Endoscopy 2014; 46(12): 1078-1084
DOI: 10.1055/s-0034-1390871
Original article
© Georg Thieme Verlag KG Stuttgart · New York

Newly designed, fully covered metal stents for endoscopic ultrasound (EUS)-guided transmural drainage of peripancreatic fluid collections: a prospective randomized study

Byung Uk Lee*
1   Department of Gastroenterology, University of Ulsan College of Medicine, Ulsan University Hospital, Ulsan, Korea
,
Tae Jun Song*
2   Department of Gastroenterology, University of Ulsan College of Medicine, Asan Medical Center, Seoul, Korea
,
Sang Soo Lee
2   Department of Gastroenterology, University of Ulsan College of Medicine, Asan Medical Center, Seoul, Korea
,
Do Hyun Park
2   Department of Gastroenterology, University of Ulsan College of Medicine, Asan Medical Center, Seoul, Korea
,
Dong-Wan Seo
2   Department of Gastroenterology, University of Ulsan College of Medicine, Asan Medical Center, Seoul, Korea
,
Sung-Koo Lee
2   Department of Gastroenterology, University of Ulsan College of Medicine, Asan Medical Center, Seoul, Korea
,
Myung-Hwan Kim
2   Department of Gastroenterology, University of Ulsan College of Medicine, Asan Medical Center, Seoul, Korea
› Author Affiliations
Further Information

Publication History

submitted01 October 2013

accepted after revision17 June 2014

Publication Date:
20 November 2014 (online)

Background and study aims: Peripancreatic fluid collections (PFCs) have been adequately drained using multiple plastic stents placed in a single-step endoscopic ultrasound (EUS) procedure. Recent reports have presented the usefulness of metal stents for this procedure; however, there has been no prospective comparative study on their effectiveness and safety. We conducted a prospective randomized study to compare multiple plastic stents with fully covered, self-expanding metal stents (FCSEMSs) for the drainage of PFCs.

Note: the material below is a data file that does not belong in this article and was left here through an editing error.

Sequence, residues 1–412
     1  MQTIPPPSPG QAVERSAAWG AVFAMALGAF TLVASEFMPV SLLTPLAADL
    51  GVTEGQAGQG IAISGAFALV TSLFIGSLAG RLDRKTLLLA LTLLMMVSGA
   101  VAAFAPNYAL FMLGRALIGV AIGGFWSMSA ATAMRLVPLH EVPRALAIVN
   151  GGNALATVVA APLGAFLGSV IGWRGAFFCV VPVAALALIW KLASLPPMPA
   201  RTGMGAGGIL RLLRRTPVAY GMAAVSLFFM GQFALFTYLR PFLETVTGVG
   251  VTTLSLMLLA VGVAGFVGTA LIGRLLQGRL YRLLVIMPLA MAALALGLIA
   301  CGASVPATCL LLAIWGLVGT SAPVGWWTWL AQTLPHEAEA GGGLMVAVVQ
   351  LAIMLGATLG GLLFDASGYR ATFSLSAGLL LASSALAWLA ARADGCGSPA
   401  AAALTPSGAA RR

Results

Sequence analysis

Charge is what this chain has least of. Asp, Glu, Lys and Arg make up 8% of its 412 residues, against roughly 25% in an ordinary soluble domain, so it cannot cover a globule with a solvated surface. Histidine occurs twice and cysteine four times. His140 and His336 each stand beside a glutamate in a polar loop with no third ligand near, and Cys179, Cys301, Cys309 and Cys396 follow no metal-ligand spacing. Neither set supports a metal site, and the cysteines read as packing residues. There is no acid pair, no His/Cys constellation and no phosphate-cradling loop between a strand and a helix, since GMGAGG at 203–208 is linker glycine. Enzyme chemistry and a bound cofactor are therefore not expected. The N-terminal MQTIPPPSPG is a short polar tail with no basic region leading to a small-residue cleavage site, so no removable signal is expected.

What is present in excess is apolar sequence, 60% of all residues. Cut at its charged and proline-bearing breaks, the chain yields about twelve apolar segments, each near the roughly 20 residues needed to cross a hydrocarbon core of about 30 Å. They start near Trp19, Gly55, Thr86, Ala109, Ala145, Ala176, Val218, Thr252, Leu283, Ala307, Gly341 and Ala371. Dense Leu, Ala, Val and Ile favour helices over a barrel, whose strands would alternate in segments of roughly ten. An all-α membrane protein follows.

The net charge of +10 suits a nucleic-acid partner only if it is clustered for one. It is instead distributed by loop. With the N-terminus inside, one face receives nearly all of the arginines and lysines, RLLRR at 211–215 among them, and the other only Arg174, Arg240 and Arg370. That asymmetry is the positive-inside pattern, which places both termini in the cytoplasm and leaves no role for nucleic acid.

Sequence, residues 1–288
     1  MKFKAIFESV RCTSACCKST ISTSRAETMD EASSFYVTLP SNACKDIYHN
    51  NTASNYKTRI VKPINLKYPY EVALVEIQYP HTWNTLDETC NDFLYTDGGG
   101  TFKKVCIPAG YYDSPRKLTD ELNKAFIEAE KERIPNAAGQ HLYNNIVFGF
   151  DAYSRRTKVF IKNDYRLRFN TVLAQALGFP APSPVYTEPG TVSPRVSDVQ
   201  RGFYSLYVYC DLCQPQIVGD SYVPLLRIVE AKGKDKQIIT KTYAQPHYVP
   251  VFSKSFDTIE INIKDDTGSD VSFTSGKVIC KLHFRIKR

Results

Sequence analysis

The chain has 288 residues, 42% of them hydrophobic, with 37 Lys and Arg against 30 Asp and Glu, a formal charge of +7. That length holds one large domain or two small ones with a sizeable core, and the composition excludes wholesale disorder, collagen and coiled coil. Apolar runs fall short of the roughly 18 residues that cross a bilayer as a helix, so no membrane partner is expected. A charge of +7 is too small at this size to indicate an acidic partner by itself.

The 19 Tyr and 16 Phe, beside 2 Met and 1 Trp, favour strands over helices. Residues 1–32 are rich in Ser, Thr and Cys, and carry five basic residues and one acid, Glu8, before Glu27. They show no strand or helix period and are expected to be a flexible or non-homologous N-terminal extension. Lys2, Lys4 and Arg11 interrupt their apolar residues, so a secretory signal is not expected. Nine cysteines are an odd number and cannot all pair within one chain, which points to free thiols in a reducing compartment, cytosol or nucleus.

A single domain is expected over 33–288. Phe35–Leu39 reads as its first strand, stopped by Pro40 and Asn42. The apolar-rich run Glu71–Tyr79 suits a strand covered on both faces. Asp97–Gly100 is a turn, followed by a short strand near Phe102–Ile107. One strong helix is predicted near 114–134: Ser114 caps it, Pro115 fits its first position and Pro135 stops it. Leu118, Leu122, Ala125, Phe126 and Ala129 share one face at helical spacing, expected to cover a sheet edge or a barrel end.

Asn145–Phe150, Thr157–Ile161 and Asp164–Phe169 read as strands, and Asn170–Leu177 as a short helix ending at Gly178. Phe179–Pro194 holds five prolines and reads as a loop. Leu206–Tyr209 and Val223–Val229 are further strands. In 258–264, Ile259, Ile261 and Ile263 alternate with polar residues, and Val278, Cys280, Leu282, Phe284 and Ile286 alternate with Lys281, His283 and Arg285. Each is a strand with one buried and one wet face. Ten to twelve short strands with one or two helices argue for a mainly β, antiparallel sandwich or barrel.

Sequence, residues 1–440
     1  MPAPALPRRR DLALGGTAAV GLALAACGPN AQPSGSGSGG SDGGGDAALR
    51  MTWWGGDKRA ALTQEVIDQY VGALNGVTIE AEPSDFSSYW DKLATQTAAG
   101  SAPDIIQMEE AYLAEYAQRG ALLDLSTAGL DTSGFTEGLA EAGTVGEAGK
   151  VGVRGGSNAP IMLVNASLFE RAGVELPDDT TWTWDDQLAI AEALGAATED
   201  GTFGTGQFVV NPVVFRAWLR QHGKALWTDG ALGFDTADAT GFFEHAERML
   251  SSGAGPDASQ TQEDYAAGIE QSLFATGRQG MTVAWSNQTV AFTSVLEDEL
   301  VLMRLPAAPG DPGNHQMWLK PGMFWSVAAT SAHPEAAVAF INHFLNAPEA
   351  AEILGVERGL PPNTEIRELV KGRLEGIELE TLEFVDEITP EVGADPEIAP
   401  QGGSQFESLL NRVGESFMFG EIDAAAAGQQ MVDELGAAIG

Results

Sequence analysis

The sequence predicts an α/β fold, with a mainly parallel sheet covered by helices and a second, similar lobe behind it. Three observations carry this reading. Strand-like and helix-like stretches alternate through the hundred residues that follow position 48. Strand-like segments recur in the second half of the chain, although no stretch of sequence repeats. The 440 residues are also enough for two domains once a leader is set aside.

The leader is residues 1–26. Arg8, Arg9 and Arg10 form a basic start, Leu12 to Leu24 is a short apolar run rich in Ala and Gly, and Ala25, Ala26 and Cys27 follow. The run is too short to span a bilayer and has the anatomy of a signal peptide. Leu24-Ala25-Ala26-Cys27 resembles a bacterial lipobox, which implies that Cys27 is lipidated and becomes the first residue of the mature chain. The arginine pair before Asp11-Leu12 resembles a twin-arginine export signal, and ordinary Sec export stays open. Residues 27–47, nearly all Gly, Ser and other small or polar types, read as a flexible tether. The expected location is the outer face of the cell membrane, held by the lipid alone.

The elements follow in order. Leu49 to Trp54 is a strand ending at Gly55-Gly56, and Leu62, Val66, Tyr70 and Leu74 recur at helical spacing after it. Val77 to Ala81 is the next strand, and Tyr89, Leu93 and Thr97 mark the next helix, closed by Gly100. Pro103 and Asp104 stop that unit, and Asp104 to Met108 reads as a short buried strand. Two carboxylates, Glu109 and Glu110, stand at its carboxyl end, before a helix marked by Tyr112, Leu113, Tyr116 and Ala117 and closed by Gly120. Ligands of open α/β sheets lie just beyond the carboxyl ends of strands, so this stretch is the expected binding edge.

Patients and methods: Between January 2012 and May 2013, patients with PFCs demonstrated by various modalities were enrolled in our study. Patients were randomly assigned to receive either a FCSEMS or plastic stents for EUS-guided PFC drainage. The procedure time, technical success rate, and adverse event rates of the PFCs were evaluated.

Results: 50 patients (41 men) were included and randomly assigned to either the FCSEMS group (n = 25) or the plastic stent group (n = 25). The median procedure time with FCSEMS was significantly shorter than with plastic stents (15.0 min vs. 29.5 min, P < 0.01). The technical success rate was 100 % for both groups. The clinical success rate was 20 out of 23 for FCSEMS and 20 out of 22 for plastic stents (P = 0.97). No adverse events occurred in the FCSEMS group, while adverse events occurred in two patients in the plastic stent group (P = 0.16). One recurrence was observed during follow-up in the FCSEMS group and none in the plastic stent group (P = 0.15).

Conclusions: EUS-guided PFC drainage with FCSEMSs is comparable to such drainage with plastic stents in terms of technical feasibility, efficacy, and safety; however, the use of FCSEMSs may also simplify and shorten the procedure.

Clinical trial registration: KCT0000766 (https://cris.nih.go.kr)

* Drs. Byung Uk Lee and Tae Jun Song contributed equally to this article.